Betfair was founded by Andrew Black and Edward Wray in 2000 and became the world’s largest online betting exchange. These creative individuals essentially established a virtual betting marketplace where buyers and sellers could come together to negotiate with one another on odds, with Betfair taking a commission on the transactions.
In 2009, Betfair acquired the U. S.-based TVG. The subsidiary telecasts horse racing on its eponymous cable channel and runs a betting service that can be accessed online, by telephone, and through set-top remote in some locations.
On October 22, 2010, Goldman-Sachs led Betfair’s initial public offering on the London Stock Exchange. Betfair’s stock soared nearly 20% on its first day of trading. Seven weeks later, the stock price had declined by 24% due to slow growth in Betfair’s revenues from its core betting business.
Betfair has continued to perform significantly short of investor expectations. From its initial public offering until the present, Betfair’s stock price has plummeted by close to 50% and the future looks to be full of hazards for the company.
Barry Dixon, the director of research for the Irish wealth management company Davy, recently appeared on CNBC’s Squawk Box Europe and remarked: “Betfair was a darling of the market a couple of years ago when it IPO’d…[but] I think it’s going to face some challenging headwinds over the next few years…It’s a stock we’d really be concerned about.”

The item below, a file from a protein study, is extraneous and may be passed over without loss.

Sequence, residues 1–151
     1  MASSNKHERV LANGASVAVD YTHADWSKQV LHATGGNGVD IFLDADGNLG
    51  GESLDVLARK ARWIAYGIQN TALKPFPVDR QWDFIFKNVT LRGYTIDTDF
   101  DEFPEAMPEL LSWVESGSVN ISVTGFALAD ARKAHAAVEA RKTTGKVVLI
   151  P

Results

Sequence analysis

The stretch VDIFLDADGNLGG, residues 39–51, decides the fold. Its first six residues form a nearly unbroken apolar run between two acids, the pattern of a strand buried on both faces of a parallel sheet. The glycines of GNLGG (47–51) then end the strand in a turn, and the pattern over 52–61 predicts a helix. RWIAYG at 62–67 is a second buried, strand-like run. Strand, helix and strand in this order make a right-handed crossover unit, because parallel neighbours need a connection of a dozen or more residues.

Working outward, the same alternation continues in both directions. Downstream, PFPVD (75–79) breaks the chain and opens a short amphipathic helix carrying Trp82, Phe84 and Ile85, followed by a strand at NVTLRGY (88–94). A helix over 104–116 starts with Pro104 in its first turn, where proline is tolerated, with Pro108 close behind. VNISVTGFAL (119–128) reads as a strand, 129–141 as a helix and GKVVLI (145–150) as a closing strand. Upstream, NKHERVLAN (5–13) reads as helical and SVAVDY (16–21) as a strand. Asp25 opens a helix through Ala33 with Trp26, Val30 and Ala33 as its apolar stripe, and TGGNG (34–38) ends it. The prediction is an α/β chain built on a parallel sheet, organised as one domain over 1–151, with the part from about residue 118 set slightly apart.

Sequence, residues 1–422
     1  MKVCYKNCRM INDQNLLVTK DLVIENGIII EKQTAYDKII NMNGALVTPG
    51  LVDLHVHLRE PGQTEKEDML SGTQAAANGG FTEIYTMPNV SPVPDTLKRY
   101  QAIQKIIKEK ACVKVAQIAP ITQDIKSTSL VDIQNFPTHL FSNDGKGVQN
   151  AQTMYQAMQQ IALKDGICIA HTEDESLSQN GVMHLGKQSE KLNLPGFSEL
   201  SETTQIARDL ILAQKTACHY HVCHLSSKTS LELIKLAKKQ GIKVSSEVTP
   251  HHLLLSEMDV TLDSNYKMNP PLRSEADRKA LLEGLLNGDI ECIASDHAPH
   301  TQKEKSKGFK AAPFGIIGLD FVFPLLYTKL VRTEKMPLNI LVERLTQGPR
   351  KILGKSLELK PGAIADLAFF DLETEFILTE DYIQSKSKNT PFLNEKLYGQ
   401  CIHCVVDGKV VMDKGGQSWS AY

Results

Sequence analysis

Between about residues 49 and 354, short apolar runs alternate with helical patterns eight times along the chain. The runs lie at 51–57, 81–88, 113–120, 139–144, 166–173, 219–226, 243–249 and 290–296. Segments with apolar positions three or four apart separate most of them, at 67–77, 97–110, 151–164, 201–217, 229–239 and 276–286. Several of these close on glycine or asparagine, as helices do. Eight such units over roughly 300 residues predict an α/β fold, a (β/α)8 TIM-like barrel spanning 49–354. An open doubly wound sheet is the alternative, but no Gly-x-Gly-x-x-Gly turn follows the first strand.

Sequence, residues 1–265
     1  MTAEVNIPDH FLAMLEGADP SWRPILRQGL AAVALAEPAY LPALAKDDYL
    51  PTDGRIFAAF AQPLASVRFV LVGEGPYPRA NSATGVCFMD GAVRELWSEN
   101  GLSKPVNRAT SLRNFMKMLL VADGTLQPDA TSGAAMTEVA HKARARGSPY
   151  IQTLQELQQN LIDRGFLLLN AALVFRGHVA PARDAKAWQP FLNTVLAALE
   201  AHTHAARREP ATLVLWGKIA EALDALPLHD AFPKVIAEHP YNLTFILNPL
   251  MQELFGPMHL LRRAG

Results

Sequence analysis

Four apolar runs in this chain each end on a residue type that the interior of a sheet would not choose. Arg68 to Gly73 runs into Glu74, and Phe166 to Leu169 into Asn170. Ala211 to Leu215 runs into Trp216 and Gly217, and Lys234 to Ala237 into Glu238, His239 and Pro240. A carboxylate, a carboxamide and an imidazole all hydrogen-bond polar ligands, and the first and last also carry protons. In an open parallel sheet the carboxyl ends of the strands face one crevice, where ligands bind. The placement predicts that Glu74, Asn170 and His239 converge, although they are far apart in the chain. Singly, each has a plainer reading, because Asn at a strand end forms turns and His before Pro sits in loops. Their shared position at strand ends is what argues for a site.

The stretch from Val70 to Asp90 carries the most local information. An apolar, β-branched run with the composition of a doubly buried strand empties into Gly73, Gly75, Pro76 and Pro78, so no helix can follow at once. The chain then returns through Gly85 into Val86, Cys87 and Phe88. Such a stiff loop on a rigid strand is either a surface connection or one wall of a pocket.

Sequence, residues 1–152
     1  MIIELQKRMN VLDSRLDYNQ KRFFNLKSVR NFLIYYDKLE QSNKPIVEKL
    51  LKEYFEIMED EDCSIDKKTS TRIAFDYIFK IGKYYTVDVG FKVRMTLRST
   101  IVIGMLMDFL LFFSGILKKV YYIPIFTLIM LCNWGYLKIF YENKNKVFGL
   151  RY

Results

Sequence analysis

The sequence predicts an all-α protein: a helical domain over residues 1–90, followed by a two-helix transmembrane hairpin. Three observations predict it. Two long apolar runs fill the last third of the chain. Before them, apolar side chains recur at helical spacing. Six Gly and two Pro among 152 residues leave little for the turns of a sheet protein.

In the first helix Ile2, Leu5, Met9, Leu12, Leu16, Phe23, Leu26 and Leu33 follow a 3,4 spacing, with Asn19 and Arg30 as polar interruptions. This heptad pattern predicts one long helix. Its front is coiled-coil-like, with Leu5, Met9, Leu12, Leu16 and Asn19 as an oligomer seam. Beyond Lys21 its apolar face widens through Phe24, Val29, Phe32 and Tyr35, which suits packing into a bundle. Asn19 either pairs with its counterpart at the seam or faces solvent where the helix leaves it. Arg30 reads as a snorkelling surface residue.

Dixon explained that about six percent of Betfair’s revenues from exchange betting are currently subject to gambling taxes, but that percentage is likely to increase dramatically. He sees Betfair’s profit margins narrowing as countries like Greece and Germany increasingly regulate online gaming, including exchange wagering. Dixon said: “We think that by 2015, 100 percent of the revenues will be subject to gambling taxes…with an exchange-based model, taxes on revenue will kill it and we think it could take a third off group profits.”
Betfair is almost sure to disagree with this gloomy assessment, but there is no denying that investors persist in factoring negative possibilities into the company’s stock price, as evidenced by the precipitous downward trajectory since Betfair became publicly traded.
TVG planned to introduce exchange wagering in California during the summer of 2012. However, that effort was blocked–in June 2012–by the Thoroughbred Owners of California, whose approval is required.
(Note: At its meeting of September 20, 2012, the California Horse Racing Board gave its initial approval to exchange wagering. As a result, California will likely to be the first state to have exchange wagering, even though further approvals will be required–taking at least several months.)
Copyright © 2012 Horse Racing Business
Originally published in the Blood-Horse. Used with permission.